View Full Version : Intelligence: Bin Laden behind new terror threat

12-23-03, 06:50 PM
New intelligence information indicates that al-Qaida leader Osama bin Laden and his top deputy personally approved the suspected terrorist attack plan that led the government to raise the nation's terror threat assessment this week, U.S. officials told NBC News on Tuesday.

The officials, who spoke on condition of anonymity, said U.S. intelligence agencies had gathered detailed information about the plan, in which they said al-Qaida operatives would hijack foreign airliners and fly them into targets in the United States. In some instances, the intelligence is so detailed as to include specific flight numbers, they said.

The Defense Department said Tuesday that it was broadening air patrols throughout the country. Security forces have put several U.S. airports under intense scrutiny, the U.S. officials told NBC's Jim Miklaszewski, specifically naming Newark International Airport in New Jersey.

Federal air marshals, who usually fly only on domestic flights, are now boarding international airlines into those airports.

Bin Laden, al-Zawahiri may be behind plan
The U.S. officials said the new intelligence indicated that bin Laden himself had approved the most recent plan for major attacks, along with Ayman al-Zawahiri, his deputy.

U.S. officials and terrorism experts said that while some of the potential targets might seem unusual, there was a method to al-Qaida’s plot.

For example, the officials said, al-Qaida seems particularly interested in Tappahannock, Va., a tiny town of 2,016 people with no military base or major infrastructure. Such an attack would be intended to generate widespread fear that no one was safe, even in small rural towns, they said.

“Just remember that al-Qaida is not just looking to kill as many Americans as possible. They’re looking to seriously hurt our nation’s economy,” terrorism specialist Roger Cressey, former chief of staff of the President's Critical Infrastructure Protection Board, said in an interview.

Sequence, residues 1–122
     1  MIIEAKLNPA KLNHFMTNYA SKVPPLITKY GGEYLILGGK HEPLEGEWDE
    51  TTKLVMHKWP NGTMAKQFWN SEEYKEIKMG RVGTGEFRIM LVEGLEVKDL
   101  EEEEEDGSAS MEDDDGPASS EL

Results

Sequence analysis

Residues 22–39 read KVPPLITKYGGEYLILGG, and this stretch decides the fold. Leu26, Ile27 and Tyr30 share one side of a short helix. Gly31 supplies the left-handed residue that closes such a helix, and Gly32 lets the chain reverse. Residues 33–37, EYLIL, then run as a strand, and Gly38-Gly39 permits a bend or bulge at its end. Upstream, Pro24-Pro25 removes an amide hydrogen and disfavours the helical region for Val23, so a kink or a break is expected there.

In addition to big cities like New York and Los Angeles, al-Qaida has targeted Las Vegas, the officials said, because of its economic value as the nation's No. 2 vacation destination and as home to large conventions and trade shows beginning next month.

Other possible targets include important infrastructure facilities, such as nuclear power plants and dams. The officials mentioned oil transport facilities at Valdez, Alaska, as a particularly likely target.

Response to serious threat
The new intelligence adds details to information about the al-Qaida plot first reported Monday by NBC News, which quoted U.S. officials as saying the terrorist threat assessment was raised over the weekend because of indications that al-Qaida operatives may now be fully trained and licensed pilots for some foreign airlines, ideally positioning them to carry out suicide attacks.

The officials said the threat alert would remain at “orange,” or high, through the end of January, which they said was an indication of its seriousness.

Defense Secretary Donald Rumsfeld underscored that message Tuesday at a news briefing at the Pentagon.

“Any time you are asked to do things that you do not normally do at a lower threat level, it costs money and it costs stress,” he said. “… People don’t do that unless it’s a serious situation.”

Al-Qaida may have dirty bomb
Al-Qaida remains intent on attacking large gatherings of people with chemical or biological weapons, officials told NBC News.

Most troubling, the officials said this week, were indications that al-Qaida may already possess a radiological weapon, or so-called “dirty bomb.” They did not elaborate.

Experts said a potent dirty bomb could spread radioactive material for a half-mile in all directions. People in the fallout zone would be bombarded with radiation levels that they would not otherwise be exposed to from natural sources for a full year.

While a dirty bomb may not be particularly deadly, the psychological impact of such a device could be devastating, experts said.

“The point of a dirty bomb is not mass casualties,” Cressey said. “It's much more to instill fear and panic into the general population.”